High Rates of Decompensation in Alcohol-Related Liver Disease - European Medical Journal

High Rates of Decompensation in Alcohol-Related Liver Disease

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DECOMPENSATION occurred in nearly 15% of patients with alcoholic-related liver disease, 22% of whom died within 6 years, according to a study presented at the European Association for the Study of the Liver (EASL) Congress 2023. While this condition is highly prevalent, as a research area it remains understudied and overlooked, explained author Stine Johansen, Odense University Hospital, Denmark, which is why their team conducted a prospective study to investigate the clinical course of biopsy-controlled, alcohol-related liver disease.  

The study included 458 patients, 57% of whom were Stage F0–1, 23% F2, and 20% F3–4. All participants had a history of excessive alcohol consumption (median 15.5 years) without prior decompensation. Liver biopsies, blood tests, and transient elastography measurements were obtained at baseline, and four single nucleotide polymorphisms were genotyped using blood tests: PNPLA3, MBOAT7, TM6SF2, and HD17B13. Median follow-up was of 5.9 years, during which the team analysed medical health records for new diagnoses, hospitalisations, or complications; and reports of alcohol consumption and all-cause mortality.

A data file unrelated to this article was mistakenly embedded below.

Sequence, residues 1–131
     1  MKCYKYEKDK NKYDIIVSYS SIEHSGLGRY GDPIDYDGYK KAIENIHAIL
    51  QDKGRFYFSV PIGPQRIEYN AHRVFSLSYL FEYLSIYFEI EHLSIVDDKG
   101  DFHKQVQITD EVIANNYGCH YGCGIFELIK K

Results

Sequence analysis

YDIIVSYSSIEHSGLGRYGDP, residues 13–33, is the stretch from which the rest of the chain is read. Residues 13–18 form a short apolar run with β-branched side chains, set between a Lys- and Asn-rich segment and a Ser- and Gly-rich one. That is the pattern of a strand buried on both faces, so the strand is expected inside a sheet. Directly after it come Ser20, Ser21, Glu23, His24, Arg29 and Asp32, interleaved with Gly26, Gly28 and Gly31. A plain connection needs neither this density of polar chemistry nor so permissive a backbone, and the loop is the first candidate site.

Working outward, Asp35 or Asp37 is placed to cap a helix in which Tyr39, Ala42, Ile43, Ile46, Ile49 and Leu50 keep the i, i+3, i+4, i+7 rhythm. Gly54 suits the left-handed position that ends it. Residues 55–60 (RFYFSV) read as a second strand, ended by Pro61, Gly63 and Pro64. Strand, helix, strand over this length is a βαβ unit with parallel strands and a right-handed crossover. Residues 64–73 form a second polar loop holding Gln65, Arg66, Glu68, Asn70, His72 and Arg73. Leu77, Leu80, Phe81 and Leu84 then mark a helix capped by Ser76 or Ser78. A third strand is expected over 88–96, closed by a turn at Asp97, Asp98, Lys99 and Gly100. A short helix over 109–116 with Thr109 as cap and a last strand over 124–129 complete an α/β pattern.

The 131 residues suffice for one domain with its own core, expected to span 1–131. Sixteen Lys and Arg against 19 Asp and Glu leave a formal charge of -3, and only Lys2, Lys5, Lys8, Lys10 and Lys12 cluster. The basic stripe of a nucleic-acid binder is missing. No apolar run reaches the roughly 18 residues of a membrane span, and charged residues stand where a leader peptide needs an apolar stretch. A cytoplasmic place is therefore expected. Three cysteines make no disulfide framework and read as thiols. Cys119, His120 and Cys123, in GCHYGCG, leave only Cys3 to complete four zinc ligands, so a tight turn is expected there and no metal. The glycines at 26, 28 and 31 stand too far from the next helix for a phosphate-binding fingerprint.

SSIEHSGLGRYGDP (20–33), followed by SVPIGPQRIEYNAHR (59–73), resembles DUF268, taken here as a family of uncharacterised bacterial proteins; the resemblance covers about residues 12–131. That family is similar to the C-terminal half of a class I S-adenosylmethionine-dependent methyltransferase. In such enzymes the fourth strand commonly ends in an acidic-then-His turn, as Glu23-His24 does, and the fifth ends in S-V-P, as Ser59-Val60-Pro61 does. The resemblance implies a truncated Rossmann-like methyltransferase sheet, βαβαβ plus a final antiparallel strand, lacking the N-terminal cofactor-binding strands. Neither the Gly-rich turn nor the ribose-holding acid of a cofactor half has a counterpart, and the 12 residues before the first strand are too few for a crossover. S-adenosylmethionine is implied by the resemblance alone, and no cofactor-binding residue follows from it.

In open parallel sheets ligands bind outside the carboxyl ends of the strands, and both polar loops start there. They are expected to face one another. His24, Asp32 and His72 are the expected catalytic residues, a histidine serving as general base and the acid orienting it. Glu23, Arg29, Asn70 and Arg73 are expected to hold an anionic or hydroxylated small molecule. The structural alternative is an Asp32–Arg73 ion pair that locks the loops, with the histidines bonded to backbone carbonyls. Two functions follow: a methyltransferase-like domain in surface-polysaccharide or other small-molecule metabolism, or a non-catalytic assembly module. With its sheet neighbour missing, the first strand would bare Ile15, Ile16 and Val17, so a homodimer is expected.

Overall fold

In total, 67 patients reported first decompensation, including variceal bleeding, overt ascites, and hepatic encephalopathy. Furthermore, 46 (10%) also reported at least one additional decompensation, and 101 (22%) died, including 38% from hepatic cause, 42% from non-hepatic cause, and 20% from unknown cause. Of those who died, 22% had cirrhosis. Researchers also noted an increase in all-cause mortality as fibrosis stage increased from 1.4 deaths per 100 person-years for Stage F0–1, to 5.0 for Stage F2, and 9.3 for Stage F3–4. They identified excessive drinking and baseline fibrosis stage as independent predictors of a first decompensation; however, PNPLA and TM6SF2 did not have independent prognostic information.  

Johansen concluded that “for patients with alcohol-related liver disease in earlier stages, we see a high progression rate,” where “15% progressed to decompensation,” and that mortality rates are high, with fibrosis stage and alcohol intake being the strongest predictors of events.

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